The Art of Candle Making: Your Comprehensive Guide

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The Art of Candle Making

Photo Credit: Kayla Lobermeier

Give someone a candle, and they’ll enjoy the charming ambiance for several days. Teach them how to make candles, and they’ll adorn their space for a lifetime, or so goes a crafty twist on the famous saying. There’s a reason candles are a popular choice for gifts and home decor – they’re coziness creators, relaxation promoters, and mood setters. Learn how to make your own candles in this blog.

Essential Tools and Materials

Wax Selection

Your choice of wax molds your candle’s burn time, scent throw, and texture. That’s why it’s helpful to familiarize yourself with the attributes of different waxes.

  • Paraffin wax is known for its ability to hold fragrance well and its affordability. 
  • Soy wax, on the other hand, is eco-friendly and provides a cleaner burn. 
  • Beeswax is a natural option with a subtle honey scent, making it a favorite for those who prefer a more organic approach. 
  • Gel wax offers transparency and is excellent for embedding decorative elements. 
  • Palm wax, derived from palm trees, creates unique crystalline patterns as it cools. 

Find more insights on different types of waxes in Willow And Sage The Candle Issue.

Wicks and Wick Holders

Wicks come in various sizes and materials, affecting the flame length and the rate of wax consumption. 

  • Cotton wicks are commonly used and are suitable for most candle types. 
  • Wooden wicks offer a unique crackling sound when burned, adding an extra sensory element to your candles.
  • Hemp wicks provide a slower burn, making them ideal for larger candles. 

Don’t forget to match the wick size to your chosen wax and container size. Additionally, wick holders are essential for keeping the wick centered during the pouring and cooling process, contributing to an even burn and preventing tunneling. 

Candle Making Guide

Molds and Containers

The molds or containers you choose determine the shape and size of your candles. 

  • Silicone molds allow for intricate candle shapes, as these molds are flexible and easy to release. 
  • Metal molds conduct heat well and are durable, resulting in a smooth finish. 
  • Repurposed everyday items like glass jars or vintage teacups add creative flair when used as candle containers.
  • Custom molds expands your design possibilities, enabling you to craft candles in unique shapes and sizes.

Besides proper mold and container selection, knowing how to use mold release agents and prepping strategies ensures successful demolding and beautiful, finished candles.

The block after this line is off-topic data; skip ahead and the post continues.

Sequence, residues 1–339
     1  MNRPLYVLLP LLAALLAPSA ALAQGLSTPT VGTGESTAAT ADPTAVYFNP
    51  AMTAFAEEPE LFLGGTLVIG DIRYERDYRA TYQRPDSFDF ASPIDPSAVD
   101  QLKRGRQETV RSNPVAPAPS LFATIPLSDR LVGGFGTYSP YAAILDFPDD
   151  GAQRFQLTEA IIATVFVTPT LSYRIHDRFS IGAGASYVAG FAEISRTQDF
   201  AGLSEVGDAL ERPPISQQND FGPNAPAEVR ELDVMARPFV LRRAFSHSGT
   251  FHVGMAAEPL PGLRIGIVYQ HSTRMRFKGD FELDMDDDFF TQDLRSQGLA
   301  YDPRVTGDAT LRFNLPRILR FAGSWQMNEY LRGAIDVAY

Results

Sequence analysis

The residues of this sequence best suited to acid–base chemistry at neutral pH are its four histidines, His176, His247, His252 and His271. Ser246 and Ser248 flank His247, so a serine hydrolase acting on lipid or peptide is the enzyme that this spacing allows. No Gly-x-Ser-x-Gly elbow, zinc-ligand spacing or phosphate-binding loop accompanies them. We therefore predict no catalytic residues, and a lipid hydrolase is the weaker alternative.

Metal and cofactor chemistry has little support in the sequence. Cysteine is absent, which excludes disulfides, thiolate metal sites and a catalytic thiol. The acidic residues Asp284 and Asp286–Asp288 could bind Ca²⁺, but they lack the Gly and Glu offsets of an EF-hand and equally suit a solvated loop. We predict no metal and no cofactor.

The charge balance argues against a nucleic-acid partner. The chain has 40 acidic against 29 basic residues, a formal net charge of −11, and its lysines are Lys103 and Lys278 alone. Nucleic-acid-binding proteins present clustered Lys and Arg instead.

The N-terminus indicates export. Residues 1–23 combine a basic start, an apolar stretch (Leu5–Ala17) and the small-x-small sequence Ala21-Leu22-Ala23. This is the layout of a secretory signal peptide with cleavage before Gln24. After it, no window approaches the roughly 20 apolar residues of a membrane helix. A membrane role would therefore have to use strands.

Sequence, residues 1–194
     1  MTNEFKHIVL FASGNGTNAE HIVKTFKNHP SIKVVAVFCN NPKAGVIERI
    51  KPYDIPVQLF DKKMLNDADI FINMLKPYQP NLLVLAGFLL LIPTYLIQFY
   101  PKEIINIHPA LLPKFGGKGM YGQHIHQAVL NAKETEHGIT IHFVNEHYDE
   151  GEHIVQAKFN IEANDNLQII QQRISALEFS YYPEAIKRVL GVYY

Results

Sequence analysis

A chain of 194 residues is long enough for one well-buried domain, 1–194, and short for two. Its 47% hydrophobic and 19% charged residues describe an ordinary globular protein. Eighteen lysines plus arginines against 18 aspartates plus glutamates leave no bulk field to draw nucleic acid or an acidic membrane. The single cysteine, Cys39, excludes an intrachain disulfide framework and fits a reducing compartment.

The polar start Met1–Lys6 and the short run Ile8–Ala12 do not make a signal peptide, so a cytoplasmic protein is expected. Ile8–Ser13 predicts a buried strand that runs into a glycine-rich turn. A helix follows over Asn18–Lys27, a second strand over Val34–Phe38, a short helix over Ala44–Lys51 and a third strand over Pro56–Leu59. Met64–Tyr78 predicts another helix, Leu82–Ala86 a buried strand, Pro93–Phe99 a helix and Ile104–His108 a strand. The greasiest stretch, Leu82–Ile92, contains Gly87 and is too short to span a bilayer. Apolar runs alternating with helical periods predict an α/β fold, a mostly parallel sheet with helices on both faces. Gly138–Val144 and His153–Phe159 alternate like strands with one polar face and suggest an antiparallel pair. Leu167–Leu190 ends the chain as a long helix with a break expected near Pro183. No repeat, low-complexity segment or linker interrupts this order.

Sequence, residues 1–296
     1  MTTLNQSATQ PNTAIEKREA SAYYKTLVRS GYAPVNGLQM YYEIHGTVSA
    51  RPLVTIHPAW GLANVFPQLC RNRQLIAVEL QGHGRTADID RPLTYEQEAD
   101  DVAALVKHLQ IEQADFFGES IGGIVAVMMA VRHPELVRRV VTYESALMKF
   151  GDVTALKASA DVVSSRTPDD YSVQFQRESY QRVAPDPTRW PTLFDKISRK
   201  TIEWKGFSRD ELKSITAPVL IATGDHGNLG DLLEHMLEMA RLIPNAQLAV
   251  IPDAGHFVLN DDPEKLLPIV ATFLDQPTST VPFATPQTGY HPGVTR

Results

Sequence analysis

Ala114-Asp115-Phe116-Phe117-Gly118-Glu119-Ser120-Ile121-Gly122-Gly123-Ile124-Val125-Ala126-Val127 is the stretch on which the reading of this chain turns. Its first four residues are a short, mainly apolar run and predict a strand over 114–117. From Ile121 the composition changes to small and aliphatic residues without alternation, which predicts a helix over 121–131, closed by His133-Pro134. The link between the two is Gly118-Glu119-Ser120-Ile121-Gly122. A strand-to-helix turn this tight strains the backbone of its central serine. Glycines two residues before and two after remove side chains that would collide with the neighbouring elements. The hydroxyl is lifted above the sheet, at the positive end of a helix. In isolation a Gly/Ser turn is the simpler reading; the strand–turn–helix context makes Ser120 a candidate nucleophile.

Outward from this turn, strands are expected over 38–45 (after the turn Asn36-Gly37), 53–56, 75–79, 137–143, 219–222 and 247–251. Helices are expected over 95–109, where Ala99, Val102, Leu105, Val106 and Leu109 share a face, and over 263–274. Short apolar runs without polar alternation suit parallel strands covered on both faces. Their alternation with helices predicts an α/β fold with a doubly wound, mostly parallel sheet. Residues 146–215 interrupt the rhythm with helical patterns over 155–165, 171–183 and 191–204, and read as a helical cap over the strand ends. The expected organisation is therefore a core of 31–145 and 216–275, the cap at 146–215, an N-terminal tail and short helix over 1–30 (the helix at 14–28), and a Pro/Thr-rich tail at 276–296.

Your Guide to Candle Making

Techniques for Stunning Designs

Now that you have your tools and materials, let’s dive into the creative aspects of candle making.

Layering and Embedding

Layering different colored waxes or embedding decorative elements are among the techniques to craft beautiful candles. Embedding allows you to incorporate dried flowers, herbs, or even small trinkets into your candles. Meanwhile, for layered candles, consider using colors that complement each other or tell a story. 

To achieve seamless layers and have your embedded items stay perfectly suspended, pour each layer at the right temperature and use adhesion techniques such as gently pressing embedded items into the still-soft wax.

Marbling and Swirling

Marbling and swirling techniques add a touch of elegance to your candles. Begin by melting different colored waxes separately and pouring them into your mold. Use skewers or other tools to swirl the colors together, creating eye-catching patterns. Experiment with complementary or contrasting colors to achieve various effects. Be patient and deliberate in your movements so that the colors blend harmoniously without muddying. 

Scenting Your Candles

Aromatherapy enthusiasts or not, adding scents to candles brings joy. 

  • Fragrance oils come in a range of scents, from floral to woody. 
  • Essential oils, derived from nature’s aromatic extracts, provide a more natural option. 

Scents have a flashpoint – the temperature at which a fragrance changes its composition. So, to preserve their integrity, remember to add your chosen scents to the melted wax at the recommended temperature. Also, measure the scents carefully to achieve a balanced fragrance without overpowering the room when the candle burns.